A 365-Day Project

"We Are All Mozart"

A project to create
new works and change
the perception of the
music of our time.

Mantra Canon score pages Dennis

previous   October 31, 2007   next

It's Halloween, a time when my eye doesn't turn to clever getups, silly string, echo chambers or candy (well, maybe candy). Instead, I look at those costumes and television advertisements and hokey plastic skeletons and think of death.

Wait, don't go. You see, my family was and is long lived -- eighties, nineties, one hundred and older. Lucid until death, all of them. In the elevator with my wife, mother and grandmother a few years ago, Pasqualina Russo -- then one hundred years old -- turned around, grabbed my man-breasts (a trait that I inherited from her husband Frank, my practical-jokester grandfather, engaged in one of those little jokes in the photo below) and exclaimed in her New Jersey-accented laugh and the unrestrained social abandon of old age that I needed a brassiere. She died at one hundred one in 2003, a little lost but still marvelously sardonic.

Esther and Frank, 1974, engaged in mischief

My grandmother Pasqualina (her real name was Esther) was a wonderful cook, always filling the air with aromas of olive oil and rosemary and basil and oregano. Fried peppers and eggs were a daily lunch, with potatoes, too, all cooked in the great iron skillet that is now the pride of our kitchen here in Vermont. No one could visit without being fed, nor leave without ears filled with stories and jokes, punctuated with snippets of song and doggerel.

But as a young person surrounded by all this life, I always maintained a strange sense of mortality; perhaps they did, too, but the times demanded privacy and those thoughts never surfaced. Yet I remember sometime in my eighteenth year realizing that I wouldn't live past twenty-eight (and maybe I didn't; this could all be an invention in the last seconds of life, for what sense does an interconnected electronic network make, anyway?). I couldn't shake that sense, and burned my life wildly as a musician and artist, creating sprawling events and shoveling new compositions out the door to squeak in every sound before the final exhalation and perpetual silence. (Perhaps from this experience many years later came this "We Are All Mozart" project, with its sense of urgency.)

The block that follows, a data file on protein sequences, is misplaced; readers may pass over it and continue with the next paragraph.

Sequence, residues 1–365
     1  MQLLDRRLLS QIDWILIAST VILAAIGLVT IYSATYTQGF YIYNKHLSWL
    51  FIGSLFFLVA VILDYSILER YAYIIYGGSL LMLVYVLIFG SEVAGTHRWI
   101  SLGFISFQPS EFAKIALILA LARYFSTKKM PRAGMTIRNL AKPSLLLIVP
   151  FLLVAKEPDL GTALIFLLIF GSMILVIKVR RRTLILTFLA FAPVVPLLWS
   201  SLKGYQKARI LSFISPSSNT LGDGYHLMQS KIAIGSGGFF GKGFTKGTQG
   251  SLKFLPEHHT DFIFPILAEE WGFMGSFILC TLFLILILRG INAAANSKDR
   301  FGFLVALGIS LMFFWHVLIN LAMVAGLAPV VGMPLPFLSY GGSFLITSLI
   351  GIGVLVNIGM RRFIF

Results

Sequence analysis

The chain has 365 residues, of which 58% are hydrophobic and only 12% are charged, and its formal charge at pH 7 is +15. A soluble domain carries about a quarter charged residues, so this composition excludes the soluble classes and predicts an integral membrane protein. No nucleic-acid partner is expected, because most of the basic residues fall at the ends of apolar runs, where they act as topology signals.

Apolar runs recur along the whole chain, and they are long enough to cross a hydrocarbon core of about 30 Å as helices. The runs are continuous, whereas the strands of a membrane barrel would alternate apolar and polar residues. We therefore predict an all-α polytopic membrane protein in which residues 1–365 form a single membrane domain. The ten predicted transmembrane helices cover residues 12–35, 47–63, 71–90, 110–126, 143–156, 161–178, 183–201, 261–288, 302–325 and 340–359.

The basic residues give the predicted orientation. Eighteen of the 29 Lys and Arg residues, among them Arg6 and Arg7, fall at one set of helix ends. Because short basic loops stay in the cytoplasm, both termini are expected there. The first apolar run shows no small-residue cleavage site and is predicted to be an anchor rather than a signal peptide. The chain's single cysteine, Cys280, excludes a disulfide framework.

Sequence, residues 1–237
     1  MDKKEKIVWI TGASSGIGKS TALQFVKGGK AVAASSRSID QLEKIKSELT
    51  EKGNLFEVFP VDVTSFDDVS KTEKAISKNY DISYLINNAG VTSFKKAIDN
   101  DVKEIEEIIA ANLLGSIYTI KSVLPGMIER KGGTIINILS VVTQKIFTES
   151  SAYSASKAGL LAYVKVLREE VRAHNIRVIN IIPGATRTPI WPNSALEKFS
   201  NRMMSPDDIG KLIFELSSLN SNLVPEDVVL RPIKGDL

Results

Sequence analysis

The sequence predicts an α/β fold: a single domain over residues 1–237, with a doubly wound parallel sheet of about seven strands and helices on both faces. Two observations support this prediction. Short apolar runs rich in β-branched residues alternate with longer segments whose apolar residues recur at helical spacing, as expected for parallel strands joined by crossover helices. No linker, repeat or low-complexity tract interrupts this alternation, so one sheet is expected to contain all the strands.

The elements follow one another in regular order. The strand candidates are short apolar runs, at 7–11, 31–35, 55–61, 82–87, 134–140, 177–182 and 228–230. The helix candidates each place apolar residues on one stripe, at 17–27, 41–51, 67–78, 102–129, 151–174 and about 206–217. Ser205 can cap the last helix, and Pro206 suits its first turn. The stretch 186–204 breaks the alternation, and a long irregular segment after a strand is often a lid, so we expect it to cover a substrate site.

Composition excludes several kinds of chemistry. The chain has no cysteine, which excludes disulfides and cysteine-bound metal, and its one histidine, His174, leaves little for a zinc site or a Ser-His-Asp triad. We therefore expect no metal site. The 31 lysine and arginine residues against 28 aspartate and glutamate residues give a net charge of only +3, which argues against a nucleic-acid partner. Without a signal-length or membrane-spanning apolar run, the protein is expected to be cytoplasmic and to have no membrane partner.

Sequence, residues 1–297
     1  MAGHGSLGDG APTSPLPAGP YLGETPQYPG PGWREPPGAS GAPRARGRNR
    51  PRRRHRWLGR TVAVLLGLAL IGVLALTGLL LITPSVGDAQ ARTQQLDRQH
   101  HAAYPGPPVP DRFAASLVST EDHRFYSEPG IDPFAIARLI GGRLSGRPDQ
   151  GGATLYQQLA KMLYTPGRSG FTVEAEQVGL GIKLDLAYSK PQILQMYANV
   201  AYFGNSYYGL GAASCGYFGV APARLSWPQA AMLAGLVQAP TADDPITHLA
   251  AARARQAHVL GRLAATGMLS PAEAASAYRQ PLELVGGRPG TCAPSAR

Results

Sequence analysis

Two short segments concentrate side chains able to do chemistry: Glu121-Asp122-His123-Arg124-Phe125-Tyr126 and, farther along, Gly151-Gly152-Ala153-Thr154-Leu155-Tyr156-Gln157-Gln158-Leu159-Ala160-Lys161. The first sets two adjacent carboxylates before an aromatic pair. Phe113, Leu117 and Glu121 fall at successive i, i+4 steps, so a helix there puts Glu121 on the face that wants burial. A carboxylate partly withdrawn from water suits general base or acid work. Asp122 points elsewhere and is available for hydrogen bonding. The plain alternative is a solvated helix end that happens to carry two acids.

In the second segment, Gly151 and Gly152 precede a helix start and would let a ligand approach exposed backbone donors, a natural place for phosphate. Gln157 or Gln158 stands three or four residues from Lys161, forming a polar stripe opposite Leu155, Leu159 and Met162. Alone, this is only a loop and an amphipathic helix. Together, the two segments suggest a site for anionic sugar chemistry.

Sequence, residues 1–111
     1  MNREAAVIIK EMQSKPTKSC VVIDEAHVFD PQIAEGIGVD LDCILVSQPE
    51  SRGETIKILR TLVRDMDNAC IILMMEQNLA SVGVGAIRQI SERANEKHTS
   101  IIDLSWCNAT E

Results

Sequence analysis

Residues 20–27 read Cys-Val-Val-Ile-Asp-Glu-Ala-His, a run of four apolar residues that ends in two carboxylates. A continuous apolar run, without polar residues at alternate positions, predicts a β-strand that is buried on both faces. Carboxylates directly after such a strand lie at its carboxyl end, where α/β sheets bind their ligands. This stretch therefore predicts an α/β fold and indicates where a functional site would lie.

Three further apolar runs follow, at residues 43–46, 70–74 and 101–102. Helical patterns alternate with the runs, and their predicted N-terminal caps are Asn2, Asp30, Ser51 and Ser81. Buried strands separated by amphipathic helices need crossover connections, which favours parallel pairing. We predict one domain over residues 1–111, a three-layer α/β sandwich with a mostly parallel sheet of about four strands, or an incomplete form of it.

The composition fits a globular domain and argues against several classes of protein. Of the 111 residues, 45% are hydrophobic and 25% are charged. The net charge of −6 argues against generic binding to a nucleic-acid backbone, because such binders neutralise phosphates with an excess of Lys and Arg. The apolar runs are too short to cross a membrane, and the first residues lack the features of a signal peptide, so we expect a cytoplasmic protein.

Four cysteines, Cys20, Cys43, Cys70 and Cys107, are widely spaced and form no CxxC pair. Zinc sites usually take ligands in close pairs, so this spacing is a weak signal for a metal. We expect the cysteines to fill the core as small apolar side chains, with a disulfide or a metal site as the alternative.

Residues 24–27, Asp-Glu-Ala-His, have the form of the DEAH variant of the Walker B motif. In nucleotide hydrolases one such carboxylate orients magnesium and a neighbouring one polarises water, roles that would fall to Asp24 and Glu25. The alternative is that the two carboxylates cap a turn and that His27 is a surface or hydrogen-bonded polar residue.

Esther at 100 on our way to dinner

And so in looking at the plastic skeletons, I'm brought back to the morning when I awoke on that mid-March day and found that I was twenty-nine. Alive, and twenty-nine. At first it was bewildering. The woman who would become my second wife (and ex-wife) was there with me. It was still decaying Trenton, New Jersey, and would be for six more months. The room still had a plant, and two cats (no doubt) slept quietly. It may have been sunny or rainy, but the fog of my mind was clearing into bright white light, and no, not that tunnel of light but merely the light of consciousness. Here I was. Alive. And mundane.

How could this be? I was disappointed and angry; all those years of work at panic pace, all that unknown dying artist memorialized by a few friends in the rain, now meaningless. There was still time. Then I was elated. More years of work could be ahead. Would it last days? Months? A year, even? The suspicion that the sixteen-ton weight would still fall from the sky remained, yet here I am this morning thirty Halloweens later with butt sagging and gums receding and hair thinning on my head and on my calves and thickening on my man-breasts -- those old man signals that I've always loathed -- alive, well, and at fifty-eight still working on my music and still thinking about that odd young man of twenty-eight, preparing to die.